To old timers who have been following the art scene in Cebu, Adeste Deguilmo may come as an artist who painted contemporary everyday life according the seemingly unchanging style of the ancient masters, like Michaelangelo, Leonardo Da Vinci, Eugene Delacroix or our very own Juan Luna, Fernando Amorsolo, and the Cebuano master Martino Abellana.
The last had, in fact, been Adeste’s teacher when he took up fine arts at the University of the Philippines (UP) here in Cebu sometime in the 1980s. Abellana was a student ofAmorsolo during the prewar period in UP School of Fine Arts in Diliman, when it was still largely classicist in orientation.
Adeste descended from that lineage so it is not a surprise if his early work shows also some Amorsolo-esque characteristics.
One could note, for example, a slightly romantic approach in the portrayal of traditional Filipino rural life.
There is a strong sense of nostalgia for the beauty and simplicity of the life of simple folk in the countryside.
The artist freezes these moments in his paintings, making them timeless.
Timelessness and immutability are indeed the hallmarks of classical academic art, and this is exemplified by Adeste’s adherence to the same standards of proper depiction of human anatomy, perspective, light and shade, color theory, and techniques left behind by the ancient masters.
These qualities also account for what most people would call “realistic” art, a term that Adeste refuses to be attributed to his work.
“Actually the proper term is ‘naturalism’ since this is not photo-realism,” he says. Two years ago, Adeste surprised his followers and collectors when he came up with a solo exhibition entitled “Distortus” at Qube Gallery.
The series of paintings shows exaggerations or distortions in the representations of the human form and other objects in nature.
This seemed to be a sudden departure from his previous style.
The title comes from the Latin word “distortus,” which simply means distortion.
For Adeste, distortion in art permeated even the classical tradition, particularly during the late Renaissance as in the work of Michelangelo and the Mannerists like Tintoretto and El Greco who deliberately twisted and elongated their figures.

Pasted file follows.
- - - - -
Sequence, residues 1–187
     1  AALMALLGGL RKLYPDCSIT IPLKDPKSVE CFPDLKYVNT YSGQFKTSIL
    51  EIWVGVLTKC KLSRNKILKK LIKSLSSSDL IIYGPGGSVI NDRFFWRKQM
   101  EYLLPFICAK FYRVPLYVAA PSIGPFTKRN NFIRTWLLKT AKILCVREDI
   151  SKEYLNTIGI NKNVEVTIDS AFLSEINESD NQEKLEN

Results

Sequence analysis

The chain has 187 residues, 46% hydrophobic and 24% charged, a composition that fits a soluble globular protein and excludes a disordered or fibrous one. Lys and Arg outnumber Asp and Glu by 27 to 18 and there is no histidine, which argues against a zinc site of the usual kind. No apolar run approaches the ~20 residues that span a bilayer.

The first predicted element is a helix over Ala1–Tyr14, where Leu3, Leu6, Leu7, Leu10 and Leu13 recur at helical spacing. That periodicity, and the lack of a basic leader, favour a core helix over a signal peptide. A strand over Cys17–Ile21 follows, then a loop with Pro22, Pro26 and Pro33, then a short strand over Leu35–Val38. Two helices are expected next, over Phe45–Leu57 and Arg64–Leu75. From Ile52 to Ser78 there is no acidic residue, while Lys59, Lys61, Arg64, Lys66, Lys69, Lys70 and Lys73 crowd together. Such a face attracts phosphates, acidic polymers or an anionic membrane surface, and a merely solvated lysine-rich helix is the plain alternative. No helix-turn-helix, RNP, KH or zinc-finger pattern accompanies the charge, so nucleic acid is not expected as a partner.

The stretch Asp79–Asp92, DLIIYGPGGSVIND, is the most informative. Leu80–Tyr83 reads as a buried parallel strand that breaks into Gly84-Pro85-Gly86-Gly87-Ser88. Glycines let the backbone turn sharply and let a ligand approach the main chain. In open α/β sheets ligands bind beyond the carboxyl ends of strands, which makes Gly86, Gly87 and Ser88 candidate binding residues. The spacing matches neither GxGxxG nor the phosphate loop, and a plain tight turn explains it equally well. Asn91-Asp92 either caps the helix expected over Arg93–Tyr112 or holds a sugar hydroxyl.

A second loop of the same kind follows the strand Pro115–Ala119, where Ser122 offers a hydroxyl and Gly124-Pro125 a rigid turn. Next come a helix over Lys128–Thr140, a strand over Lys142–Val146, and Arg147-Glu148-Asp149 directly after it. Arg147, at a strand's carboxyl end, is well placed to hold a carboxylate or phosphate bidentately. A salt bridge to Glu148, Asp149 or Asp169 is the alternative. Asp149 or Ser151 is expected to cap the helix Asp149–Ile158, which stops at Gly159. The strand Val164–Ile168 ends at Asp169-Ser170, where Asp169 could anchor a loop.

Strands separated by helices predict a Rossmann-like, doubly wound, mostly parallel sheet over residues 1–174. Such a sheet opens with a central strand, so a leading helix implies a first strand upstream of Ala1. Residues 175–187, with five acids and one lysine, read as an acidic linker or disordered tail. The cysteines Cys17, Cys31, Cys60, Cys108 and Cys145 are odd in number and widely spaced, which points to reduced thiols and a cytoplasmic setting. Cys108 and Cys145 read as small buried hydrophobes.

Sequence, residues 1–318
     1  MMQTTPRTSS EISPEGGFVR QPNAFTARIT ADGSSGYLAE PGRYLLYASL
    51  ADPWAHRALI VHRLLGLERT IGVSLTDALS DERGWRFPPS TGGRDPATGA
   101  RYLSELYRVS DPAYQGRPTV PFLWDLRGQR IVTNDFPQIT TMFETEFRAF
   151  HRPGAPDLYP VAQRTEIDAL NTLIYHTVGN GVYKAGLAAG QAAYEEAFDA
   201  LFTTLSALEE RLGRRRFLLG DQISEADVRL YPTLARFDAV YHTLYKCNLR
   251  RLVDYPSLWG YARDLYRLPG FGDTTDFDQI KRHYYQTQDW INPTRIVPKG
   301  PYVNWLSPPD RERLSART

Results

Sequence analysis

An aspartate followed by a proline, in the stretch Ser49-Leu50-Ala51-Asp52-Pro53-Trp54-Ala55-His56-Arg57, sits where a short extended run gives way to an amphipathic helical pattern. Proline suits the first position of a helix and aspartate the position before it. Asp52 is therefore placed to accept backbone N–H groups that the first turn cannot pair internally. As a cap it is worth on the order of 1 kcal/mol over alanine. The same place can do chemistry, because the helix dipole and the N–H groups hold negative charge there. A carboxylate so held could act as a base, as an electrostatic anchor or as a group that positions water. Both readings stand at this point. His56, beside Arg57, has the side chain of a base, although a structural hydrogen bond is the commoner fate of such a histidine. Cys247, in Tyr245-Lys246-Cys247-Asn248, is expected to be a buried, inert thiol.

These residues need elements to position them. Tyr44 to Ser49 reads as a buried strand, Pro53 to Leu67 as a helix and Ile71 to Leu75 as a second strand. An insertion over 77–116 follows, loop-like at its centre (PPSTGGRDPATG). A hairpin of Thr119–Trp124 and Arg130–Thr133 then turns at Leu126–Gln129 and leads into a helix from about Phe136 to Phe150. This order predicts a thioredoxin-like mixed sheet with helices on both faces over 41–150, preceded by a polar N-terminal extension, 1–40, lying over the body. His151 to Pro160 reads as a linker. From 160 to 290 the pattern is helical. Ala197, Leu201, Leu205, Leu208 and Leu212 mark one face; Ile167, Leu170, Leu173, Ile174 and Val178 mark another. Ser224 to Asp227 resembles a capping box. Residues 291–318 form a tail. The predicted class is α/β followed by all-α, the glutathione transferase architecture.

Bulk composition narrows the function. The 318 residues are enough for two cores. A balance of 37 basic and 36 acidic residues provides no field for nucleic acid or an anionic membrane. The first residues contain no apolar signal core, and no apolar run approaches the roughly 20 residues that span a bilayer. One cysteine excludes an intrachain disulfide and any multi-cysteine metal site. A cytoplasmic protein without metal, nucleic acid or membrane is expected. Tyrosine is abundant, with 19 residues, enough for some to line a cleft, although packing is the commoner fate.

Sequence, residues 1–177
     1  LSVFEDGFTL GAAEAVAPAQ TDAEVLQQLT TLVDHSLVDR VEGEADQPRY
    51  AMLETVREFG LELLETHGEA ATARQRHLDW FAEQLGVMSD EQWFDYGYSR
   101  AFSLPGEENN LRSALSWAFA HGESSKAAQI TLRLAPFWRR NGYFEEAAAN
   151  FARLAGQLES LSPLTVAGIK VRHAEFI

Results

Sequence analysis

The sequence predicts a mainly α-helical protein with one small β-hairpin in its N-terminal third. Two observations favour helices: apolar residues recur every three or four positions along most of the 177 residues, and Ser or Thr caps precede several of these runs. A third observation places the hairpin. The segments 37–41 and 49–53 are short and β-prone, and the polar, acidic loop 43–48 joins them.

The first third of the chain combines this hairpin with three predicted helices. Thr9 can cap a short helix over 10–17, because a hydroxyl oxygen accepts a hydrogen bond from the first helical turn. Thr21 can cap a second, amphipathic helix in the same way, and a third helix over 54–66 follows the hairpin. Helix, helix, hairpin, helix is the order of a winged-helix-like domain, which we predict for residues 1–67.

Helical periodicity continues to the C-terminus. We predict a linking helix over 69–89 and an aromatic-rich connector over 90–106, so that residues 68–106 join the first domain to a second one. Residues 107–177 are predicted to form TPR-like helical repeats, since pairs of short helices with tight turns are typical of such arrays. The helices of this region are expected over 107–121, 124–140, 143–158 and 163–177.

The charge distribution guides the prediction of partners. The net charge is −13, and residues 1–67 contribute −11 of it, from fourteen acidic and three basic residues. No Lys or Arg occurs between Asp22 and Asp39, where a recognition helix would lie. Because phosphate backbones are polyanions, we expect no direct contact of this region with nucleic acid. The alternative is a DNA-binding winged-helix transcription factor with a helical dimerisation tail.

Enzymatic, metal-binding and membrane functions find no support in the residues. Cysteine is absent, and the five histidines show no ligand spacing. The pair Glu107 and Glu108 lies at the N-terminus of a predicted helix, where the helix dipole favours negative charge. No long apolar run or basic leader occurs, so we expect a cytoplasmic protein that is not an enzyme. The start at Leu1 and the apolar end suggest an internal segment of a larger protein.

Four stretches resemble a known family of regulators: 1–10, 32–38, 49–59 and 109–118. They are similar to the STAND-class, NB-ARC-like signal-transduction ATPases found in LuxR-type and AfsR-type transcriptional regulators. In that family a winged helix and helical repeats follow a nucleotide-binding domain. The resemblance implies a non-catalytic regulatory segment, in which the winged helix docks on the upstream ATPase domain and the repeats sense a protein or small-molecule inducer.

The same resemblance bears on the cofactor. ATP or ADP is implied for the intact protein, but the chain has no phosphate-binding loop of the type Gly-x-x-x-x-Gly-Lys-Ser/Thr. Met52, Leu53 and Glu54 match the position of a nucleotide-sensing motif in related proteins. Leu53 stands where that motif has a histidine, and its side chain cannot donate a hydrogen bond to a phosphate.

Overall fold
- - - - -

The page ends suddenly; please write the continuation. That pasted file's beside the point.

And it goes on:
“Michelangelo was better than the Greeks in his execution of the human figure,” Adeste explains.
“But what I notice is that it was really an exaggeration of what the Greeks and the Romans did.”
Distortions in Michelangelo’s figures make them more emotionally expressive and they look like superheroes in Marvel and DC comics that Adeste imitated a lot in drawing as a child growing up in Basilan in Southern Mindanao.
Adeste refuses to be confined in his art. “I want to be able to express myself to the maximum,” he says.
“That’s why I resorted to distortion. I’ve been doing this before but only once in a while until I decided to have a full show with only this style of expression.”
The success of “Distortus” in 2015 inspired him to continue the style ina new series entitled “Distortus II,” which was held in Qube Gallery recently.
Some of the works in this exhibit were first shown in an art fair in Hong Kong, where the artist was brought there by Qube to represent Cebu.
“Distortus II” was segmented into three groups of work.
The first group consist of the big paintings entitled “Song of the Shoulder Pole People.” In this work, the artist pays homage to the lowly shoulder pole, which is commonly used by laborers worldwide to lighten their yoke.
Interestingly, the artist portrays the pole sans load, so that they appear like wings on the shoulders of workingmen, ironically turning them into a symbol of unbearable lightness.
“The subject is a very simple thing that is given prominence in the painting,” Adeste says.
“I amplified its importance.” The second group of paintings is the “Freedom Song” series, which was actually partly inspired by the issue of the West Philippine Sea.
But the work also delves on the basic elements of fire, wind, and water as implied in what artist calls “violators” or a detail that at first may seem to have no relevance or may even be disruptive in the composition but actually has a significant meaning. This series, whose title alludes to Bob Marley’s “Redemption Song,” is also a statement about freedom in every sense of the word.
And yet, the artist prefers to tone down its any political meaning.
He chose to color the violator image of a flame in either green or blue to cool it down, as ifto warn contending parties to deal with the problem with cooler heads. Still, it was purely incidental, according to him, that these paintings were first shown in Hong Kong, which is technically a part of mainland China.
The third section consists of mainly drawings done in mixed media (including coffee) and a painting that is the artist’s version of the Mother and Child theme.
The drawings, which reflects the power of “fidem” or faith among ordinary folk, exemplifies the artist’s proficiency in drawing in what-ever medium.
Drawing, which the Adeste considers “supreme” over painting, is the true strength behind his work.
The artist hopes to continue exploring new possibilities beyond “Distortus” although he admits that something in the past persists in his work.
Like Picasso, the classical spirit permeates in Adeste’s work in spite of what appears to be a turn towards modernism.
The classical spirit is evident in the sober temperament or the contemplative mood that the work evoke.
A viewer once commented that his distortion lacked “angst,” which inspired the wild exaggerations of German expressionism and other distorted styles of the modernperiod. “It became a language,” he says.
“Anyone can use that kind of language but not literally to express anger.” This preference for subtlety, restraint, and the contemplative enjoyment of beauty makes Adeste more of a classicist than a modernist. Indeed, the paradox that behind this surprise of the new is still the spirit of tradition.